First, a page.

Valence electrons are also called outer electrons. This is because they are located on the outermost electron shell of an atom.
According to Bohr’s atomic model, the atomic nucleus is surrounded by several electron shells. To be more precise, according to the shell model, there are four electron shells called K, L, M, and N shells. The valence electrons are the electrons that are on the outer shell. This is why they are also called valence shells. If there is a chemical bond between two or more atoms, you can imagine that their outer electrons combine with each other. Of course, it depends on how many electrons are on the outer shell.
Each element has a certain number of electrons, which are distributed in a certain way on the four shells. For each shell there is a maximum number of electrons that can be in it. How many electrons that is per shell is shown in this table:
|Shell||Number of electrons per shell|
Oxygen has atomic number 8 in the periodic table. The atomic number tells you how many protons are in the nucleus of oxygen.
If oxygen is externally neutral, i.e. not charged, the atomic number also corresponds to the number of electrons orbiting on the electron shells of oxygen. This is the case in our example. Therefore, we can now distribute eight electrons among the shells.
The shells are always occupied from the inside to the outside. There is room for two electrons in the K shell. So from the eight electrons there are now six electrons left. Eight electrons fit into the L-shell.
Therefore you find the remaining six electrons in the L-shell.
So oxygen has six valence electrons. In this example you call this shell the valence shell.
In the periodic table you can see immediately that oxygen has 6 valence electrons. For this you have to look up in which main group oxygen is, because the number of the main group corresponds exactly to the number of valence electrons. Oxygen is in the sixth main group and therefore also has six outer electrons.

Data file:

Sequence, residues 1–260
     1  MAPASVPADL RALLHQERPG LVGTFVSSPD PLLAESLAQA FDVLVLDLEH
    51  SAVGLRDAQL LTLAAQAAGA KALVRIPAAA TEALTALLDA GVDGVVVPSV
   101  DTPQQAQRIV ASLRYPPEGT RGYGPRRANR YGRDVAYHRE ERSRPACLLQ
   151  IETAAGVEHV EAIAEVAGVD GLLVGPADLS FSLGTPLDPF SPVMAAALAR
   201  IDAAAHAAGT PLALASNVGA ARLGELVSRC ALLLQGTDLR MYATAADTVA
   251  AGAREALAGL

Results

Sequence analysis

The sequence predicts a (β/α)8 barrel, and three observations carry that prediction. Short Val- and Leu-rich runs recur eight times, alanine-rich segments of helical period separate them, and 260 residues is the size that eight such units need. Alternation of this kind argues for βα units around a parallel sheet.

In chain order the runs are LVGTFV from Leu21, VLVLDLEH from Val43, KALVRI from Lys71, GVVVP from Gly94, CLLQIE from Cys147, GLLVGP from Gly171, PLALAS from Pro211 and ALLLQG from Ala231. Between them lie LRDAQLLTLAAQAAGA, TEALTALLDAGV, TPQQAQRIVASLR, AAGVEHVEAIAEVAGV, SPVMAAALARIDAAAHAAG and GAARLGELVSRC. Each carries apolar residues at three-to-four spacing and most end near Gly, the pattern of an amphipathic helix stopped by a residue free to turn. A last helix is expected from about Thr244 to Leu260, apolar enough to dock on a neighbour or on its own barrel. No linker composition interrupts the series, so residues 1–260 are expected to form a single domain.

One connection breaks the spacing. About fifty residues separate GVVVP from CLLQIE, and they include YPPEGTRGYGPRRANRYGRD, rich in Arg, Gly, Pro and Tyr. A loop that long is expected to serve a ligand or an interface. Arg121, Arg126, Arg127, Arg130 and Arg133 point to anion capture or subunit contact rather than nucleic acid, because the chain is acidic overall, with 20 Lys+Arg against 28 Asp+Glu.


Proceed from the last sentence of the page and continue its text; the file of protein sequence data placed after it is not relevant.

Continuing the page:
This rule applies to all main group elements. The only exception is helium.
It is in the 8th main group, but it has only 2 valence electrons. This is because it has a total of only 2 electrons. Valence electrons are important for the formation of bonds between two or more atoms. When valence electrons are involved in a bond, they are also called bond electrons.
An element can theoretically form as many bonds as it has valence electrons, but it can also form fewer bonds.
So the number of valence electrons does not necessarily correspond to the number of bond electrons.
Example: The element chlorine. Chlorine is in the seventh main group and thus has seven outer electrons. If it occurs in the molecule perchloric acid, then all seven outer electrons are actually also involved in a bond. In this case, the number of valence electrons corresponds to the number of bond electrons.
However, chlorine can also form a bond with hydrogen, for example they can combine to form hydrochloric acid. Then only one of the 7 outer electrons is involved in the bond. The number of bonding electrons is therefore 1. Here a so-called electron pair bond is formed. Both atoms share the electrons of their bond, so to speak. You can then say that chlorine has eight valence electrons instead of seven, which leads to a stable state. You can justify this with the octet rule.